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News Report Page 13 of 24
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Investment in special educational needs

A total of ₤265k is set to be spent creating additional places and better facilities for pupils with special educational needs in Liverpool. The funding is coming from a special ₤1.9 million grant to Liverpool, from the Government, to be spent over the next 3 years, improving provision for youngsters with Education, Care and Health Plans (ECHP).

A report to the Cabinet on Friday 14 September is recommending:-

Clifford Holroyd Special School in Knotty Ash to create 10 new places to take pupils from the recently closed Clarence High School run by Nugent Care.

Millstead Special School in Everton and Princes Special Schools in Toxteth each to create 10 additional places (20 in total) for pupils with severe learning difficulties.

Creating a bespoke area for children with severe learning difficulties at All Saints RC Primary School in Anfield as part of wider scheme in the early years department funded by the Catholic Archdiocese.

Installing a lift at Smithdown Community Primary School in Wavertree as part of a larger scheme to enable it to support children with special educational needs.

Councillor Barbara Murray, Cabinet member for education, said:- "This is a really important investment which will make a real difference in these Schools, enabling them to offer better facilities to pupils with special educational needs. It is part of our commitment to making sure that all pupils, regardless of their individual circumstances, get the best possible start to their education and are able to achieve their full potential. This is a continuation of our strong track record of investment, and follows on from the ₤180 million we have spent since 2012 rebuilding and replacing 22 Schools across the City, including improvements at 6 special Schools."

A further report outlining where the remaining ₤1.63 million of funding from the grant will be spent will come before Cabinet at a later date, following consultation with Schools and other stakeholders.

Shisha smoke warning campaign launched

THE dangers of smoking Shisha are to be highlighted in a new public health campaign in Liverpool. Shisha, also called:- hookah, narghile, waterpipe, or hubble bubble smoking; is a way of smoking tobacco, sometimes mixed with fruit or molasses sugar, through a bowl and hose or tube.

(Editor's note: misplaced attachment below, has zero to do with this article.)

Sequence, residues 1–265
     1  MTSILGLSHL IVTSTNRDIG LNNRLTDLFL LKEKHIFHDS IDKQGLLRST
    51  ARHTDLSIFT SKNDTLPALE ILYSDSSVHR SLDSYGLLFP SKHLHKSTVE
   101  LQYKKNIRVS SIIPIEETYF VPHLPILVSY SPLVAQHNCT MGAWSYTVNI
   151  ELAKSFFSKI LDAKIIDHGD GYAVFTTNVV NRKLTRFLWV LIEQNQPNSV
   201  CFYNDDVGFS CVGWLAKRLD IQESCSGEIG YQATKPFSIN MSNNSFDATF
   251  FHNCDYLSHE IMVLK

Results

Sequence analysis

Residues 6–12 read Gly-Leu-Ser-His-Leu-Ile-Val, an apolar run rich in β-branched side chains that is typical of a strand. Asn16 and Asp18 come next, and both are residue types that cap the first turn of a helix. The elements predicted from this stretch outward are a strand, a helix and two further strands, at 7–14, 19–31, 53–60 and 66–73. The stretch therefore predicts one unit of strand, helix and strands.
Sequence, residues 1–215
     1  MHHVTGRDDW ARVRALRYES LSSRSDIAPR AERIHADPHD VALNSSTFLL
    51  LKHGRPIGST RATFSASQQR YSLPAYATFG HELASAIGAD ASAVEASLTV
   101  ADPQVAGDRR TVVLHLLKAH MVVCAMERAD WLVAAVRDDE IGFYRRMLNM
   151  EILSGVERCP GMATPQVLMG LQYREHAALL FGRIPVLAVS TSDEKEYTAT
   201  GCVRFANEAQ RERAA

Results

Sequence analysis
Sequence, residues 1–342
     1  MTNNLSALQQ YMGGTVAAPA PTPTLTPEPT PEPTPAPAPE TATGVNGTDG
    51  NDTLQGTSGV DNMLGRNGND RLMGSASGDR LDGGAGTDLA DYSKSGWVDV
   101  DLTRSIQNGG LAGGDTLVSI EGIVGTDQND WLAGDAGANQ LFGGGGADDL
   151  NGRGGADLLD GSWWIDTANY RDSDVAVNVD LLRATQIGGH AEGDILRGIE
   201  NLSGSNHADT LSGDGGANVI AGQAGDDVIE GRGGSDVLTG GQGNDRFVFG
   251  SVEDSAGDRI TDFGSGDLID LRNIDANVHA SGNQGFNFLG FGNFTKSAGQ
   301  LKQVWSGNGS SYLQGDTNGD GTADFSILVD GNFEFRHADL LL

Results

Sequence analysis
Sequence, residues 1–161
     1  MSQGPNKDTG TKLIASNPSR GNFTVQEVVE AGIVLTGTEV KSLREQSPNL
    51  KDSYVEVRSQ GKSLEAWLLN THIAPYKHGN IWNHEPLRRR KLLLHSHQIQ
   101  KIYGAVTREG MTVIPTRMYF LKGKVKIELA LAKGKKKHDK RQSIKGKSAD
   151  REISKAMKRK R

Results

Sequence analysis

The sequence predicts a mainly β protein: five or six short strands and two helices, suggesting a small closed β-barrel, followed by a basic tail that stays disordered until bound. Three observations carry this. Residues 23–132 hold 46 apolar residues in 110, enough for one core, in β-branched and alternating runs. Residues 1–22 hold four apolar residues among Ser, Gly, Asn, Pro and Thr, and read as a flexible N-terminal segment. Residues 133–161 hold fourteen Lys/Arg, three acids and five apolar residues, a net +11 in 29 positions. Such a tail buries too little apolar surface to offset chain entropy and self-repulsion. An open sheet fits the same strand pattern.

The tube ends in a mouthpiece from which the smoker inhales the smoke deep into their lungs, and studies show an hour's smoking is the equivalent of having between 100 to 200 cigarettes.

Shisha smoking is traditionally used by people from Middle Eastern or Asian community groups, but is becoming increasingly popular in Cities, such as Liverpool, particularly among young people aged 18 to 25.

Now, public health officials are to raise awareness of the harmful health effects by targeting students during the opening weeks of the new higher education academic year, including visiting freshers' fairs, community events and College open days to spread the word.

Director of Public Health, Dr Sandra Davies, said:- "We have had huge success in reducing the smoking rate in Liverpool, which has virtually halved over the last decade, meaning long term health benefits to many thousands of people. However, we risk some of this great work being undone as a result of people smoking Shisha, which has the potential to be far more harmful due to the intensity of deep inhalation of chemicals and poisons. There is some evidence that because Shisha is flavoured, people don't realise how harmful it is and that it is equivalent to them smoking a huge number of cigarettes in 1 go."

There are around a dozen Shisha cafes in the City, and people who use some of them are at risk of being issued with a ₤50 fixed penalty notice because it is classed as smoking indoors. During the campaign, enforcement officials from the City Council will be visiting premises and taking action against any that allow people to smoke inside.

Councillor Paul Brant, Cabinet member for adult health, said:- "Smoking Shisha indoors not only harms you, but also those around you as they inhale the 2nd hand smoke. Smoking in workplaces such as cafes was barred because of the health risks that it posed, and we now need to do the same and enforce the law at Shisha cafes as it is putting staff and other customers at risk of harm."

Smoking increases the chances of coronary heart disease and oral, lung and stomach cancer.

People who want to stop smoking can get support from Smokefree Liverpool on:- 0800 061 4212 or by texting:- 'QUIT' to:- 66777.

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